Set Dreams 2

I’ve spoken previously of set dreams, but I recently revisited the post and it’s abysmally short. I must have been in some kind of rush, because they’re worth more examination. Mine have started up again as well, so they’re on my mind.

First off, when discussing set dreams, carefully monitor your pronunciation. It’s the same problem I had when working for a set construction shop. I’d tell people I worked in a set shop and they’d think I was involved in the pornography and sexual aids trade. I’d always try to avoid that particular conversation by saying I worked in a “seT shop, a seT-T-T shop,” lots of heavy emphasis on the T and hitting it multiple times. Of course, then people probably thought I had a speech impediment, so…there it is. You could probably leapfrog the problem of people thinking you’re talking about an different genre of dream by calling them “production dreams,” but they’re colloquially known as set dreams.

My first set dream came toward the end of a really grueling horror feature shoot. We were on for 13 days straight, mostly nights—no weekends, no breaks, to try and get the most out of our camera package. Our shortest day ran about 14 hours, our longest ran 21 hours. At around day 10 or 11 I had a set dream. In the dream, I was in my bed when the crew came in and starting setting up lights and camera, getting ready to shoot a scene in the bedroom. Everybody hustled around, framing up for the bed, all while I was telling them that this scene wasn’t on the schedule, it wasn’t even in the script. No one paid attention to me and continued in their tasks. I went to set the next night and told our DP about it. He said, “Oh, you had a set dream,” and that was the first I’d heard of it.

I’ve had them for PoPS before. But they’ve only just started up again. They seem to have amped up more now that most of the really stressful shooting on episode 8 is behind me, which I think is pretty surprising. I can remember two off hand, but there’ve been at least three in the last month.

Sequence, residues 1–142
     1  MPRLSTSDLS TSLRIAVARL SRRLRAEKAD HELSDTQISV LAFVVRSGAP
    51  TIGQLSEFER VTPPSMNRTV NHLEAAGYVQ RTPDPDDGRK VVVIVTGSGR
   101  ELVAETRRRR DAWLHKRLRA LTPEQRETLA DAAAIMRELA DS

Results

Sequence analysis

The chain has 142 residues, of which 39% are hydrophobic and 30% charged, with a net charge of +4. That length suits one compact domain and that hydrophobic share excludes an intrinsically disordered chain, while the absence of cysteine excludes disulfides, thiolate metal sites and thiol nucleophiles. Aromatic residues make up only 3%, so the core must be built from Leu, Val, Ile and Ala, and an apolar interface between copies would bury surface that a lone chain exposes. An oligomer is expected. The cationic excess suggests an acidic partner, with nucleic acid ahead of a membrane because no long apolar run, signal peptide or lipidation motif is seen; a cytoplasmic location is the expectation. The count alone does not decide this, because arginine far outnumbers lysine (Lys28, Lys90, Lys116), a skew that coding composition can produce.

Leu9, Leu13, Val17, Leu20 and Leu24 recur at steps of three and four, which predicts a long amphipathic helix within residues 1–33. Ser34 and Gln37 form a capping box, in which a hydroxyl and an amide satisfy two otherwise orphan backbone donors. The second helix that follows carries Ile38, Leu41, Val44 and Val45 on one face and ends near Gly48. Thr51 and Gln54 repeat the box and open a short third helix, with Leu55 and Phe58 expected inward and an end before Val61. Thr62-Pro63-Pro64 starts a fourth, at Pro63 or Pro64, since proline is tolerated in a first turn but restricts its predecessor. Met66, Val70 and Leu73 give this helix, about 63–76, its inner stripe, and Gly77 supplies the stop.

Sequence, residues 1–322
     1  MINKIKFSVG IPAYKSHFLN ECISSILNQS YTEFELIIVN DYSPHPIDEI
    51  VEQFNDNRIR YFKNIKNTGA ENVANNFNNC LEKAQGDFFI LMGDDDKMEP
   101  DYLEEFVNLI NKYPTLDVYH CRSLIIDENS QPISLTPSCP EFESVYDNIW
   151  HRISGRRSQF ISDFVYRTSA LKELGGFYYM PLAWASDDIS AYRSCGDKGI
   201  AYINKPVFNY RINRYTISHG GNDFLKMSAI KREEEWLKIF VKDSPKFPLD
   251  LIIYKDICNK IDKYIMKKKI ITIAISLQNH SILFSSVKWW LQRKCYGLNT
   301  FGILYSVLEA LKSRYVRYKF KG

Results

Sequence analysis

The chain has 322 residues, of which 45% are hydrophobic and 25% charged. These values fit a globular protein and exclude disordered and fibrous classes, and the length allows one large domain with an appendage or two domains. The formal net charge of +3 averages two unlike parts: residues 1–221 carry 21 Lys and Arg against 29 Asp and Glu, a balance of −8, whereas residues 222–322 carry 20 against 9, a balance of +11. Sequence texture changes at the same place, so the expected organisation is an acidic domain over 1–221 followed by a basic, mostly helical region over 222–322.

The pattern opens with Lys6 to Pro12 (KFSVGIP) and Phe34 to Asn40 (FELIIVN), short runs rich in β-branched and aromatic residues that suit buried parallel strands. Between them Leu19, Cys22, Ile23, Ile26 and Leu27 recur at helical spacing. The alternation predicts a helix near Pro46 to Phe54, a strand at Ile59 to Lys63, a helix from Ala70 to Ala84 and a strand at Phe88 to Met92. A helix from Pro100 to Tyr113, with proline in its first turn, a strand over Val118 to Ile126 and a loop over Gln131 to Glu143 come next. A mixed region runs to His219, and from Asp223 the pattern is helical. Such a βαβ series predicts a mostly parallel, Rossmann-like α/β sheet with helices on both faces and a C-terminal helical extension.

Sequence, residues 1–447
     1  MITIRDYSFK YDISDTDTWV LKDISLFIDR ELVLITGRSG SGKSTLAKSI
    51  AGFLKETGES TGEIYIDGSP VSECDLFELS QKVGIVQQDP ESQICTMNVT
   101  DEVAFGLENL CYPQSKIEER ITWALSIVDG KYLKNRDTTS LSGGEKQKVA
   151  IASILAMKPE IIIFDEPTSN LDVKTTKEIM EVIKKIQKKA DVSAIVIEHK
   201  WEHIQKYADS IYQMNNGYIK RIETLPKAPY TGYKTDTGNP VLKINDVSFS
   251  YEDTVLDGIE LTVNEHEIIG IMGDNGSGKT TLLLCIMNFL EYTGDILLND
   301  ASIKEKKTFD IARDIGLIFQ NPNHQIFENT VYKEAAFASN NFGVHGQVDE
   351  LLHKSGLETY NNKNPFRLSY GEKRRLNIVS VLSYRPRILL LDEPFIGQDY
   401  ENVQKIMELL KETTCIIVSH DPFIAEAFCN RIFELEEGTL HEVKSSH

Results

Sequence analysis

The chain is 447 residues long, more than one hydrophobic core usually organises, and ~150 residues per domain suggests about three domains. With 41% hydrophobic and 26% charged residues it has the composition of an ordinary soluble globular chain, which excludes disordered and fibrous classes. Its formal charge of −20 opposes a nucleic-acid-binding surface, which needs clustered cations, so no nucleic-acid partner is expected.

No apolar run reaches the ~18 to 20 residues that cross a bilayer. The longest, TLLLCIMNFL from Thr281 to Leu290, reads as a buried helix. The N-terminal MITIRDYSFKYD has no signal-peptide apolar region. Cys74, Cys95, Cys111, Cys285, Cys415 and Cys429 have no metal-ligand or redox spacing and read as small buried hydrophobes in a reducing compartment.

The first came after a really low-stress shoot day. Again, the location was my bedroom. I was trying to sleep, but a couple of the crew members were trying to set up a shoot in the bed. They had the camera on the shoulder rig and were trying to light a simple visual sequence in the dark bedroom using only a strand of white Christmas lights. I was really interested in trying to make it work too, because the look we were getting was really cool. We were f-stopped wide open and had to use a really high iso, but it didn’t look grainy at all. It was a series of blown out hotspots and a really soft glow around the rest of the frame. It made faces look really cool. Even while I was getting sucked into the lovely result, I was annoyed that we were shooting this scene. I was positive it didn’t have a place in the episode and I knew I hadn’t scheduled this shoot. That was the whole dream. I think partial responsibility for it goes to the fact that I’d been watching a lot of the featurettes on the American Girl with the Dragon Tattoo blu-ray, and Fincher can keep a pretty dark set. Man, I wish he would direct an American version of ..Played with Fire. He’d nail that book.

The other one had us on a farm. It came after no shooting. We had just wrapped for December and were looking at two stress-free weeks of not shooting. Why would a set dream happen at that point? On the farm we were setting up behind the barn on a playground swing set. In addition to the regular crew, my Mom and Dad were there. It was taking forever for us to get started and my Mom kept asking me what was taking so long. We finally got everything set up, everyone was in their places, and night fell immediately. Since it was a day scene, we couldn’t shoot and I told everybody to head home. That was the whole thing.

Set dreams, y’all. Weirdness. I think that second one mostly has to do with the weather complications we’ve encountered throughout shooting. We’ve been shut down and rescheduled a few times.

In other news, on Christmas Eve I finally cut some of the episode together. It’s a little bit of an adjustment period because I’m cutting this one on Premiere instead of Final Cut Pro, so it took me a couple minutes to figure out how to balance our location audio, but I have a couple minutes of the episode put together finally and it feels really great. I’m going to work on it some more tonight.

Thanks for reading.

–Jake

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